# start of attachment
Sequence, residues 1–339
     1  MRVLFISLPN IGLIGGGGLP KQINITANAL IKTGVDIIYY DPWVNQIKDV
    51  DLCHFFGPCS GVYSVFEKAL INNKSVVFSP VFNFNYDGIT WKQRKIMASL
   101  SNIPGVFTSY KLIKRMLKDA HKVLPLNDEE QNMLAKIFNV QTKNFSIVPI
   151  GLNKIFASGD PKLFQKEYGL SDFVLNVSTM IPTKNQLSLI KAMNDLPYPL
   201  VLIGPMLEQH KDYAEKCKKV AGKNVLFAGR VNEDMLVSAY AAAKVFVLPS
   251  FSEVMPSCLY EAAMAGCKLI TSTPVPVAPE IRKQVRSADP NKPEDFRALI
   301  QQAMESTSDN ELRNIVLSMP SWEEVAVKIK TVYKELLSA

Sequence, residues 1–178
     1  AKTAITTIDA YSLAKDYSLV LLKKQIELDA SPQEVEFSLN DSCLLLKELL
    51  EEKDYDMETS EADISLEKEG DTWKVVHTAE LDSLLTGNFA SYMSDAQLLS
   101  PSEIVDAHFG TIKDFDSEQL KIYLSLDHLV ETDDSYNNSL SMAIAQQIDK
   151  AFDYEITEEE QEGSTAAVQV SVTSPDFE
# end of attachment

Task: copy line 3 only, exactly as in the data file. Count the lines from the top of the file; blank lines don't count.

    51  DLCHFFGPCS GVYSVFEKAL INNKSVVFSP VFNFNYDGIT WKQRKIMASL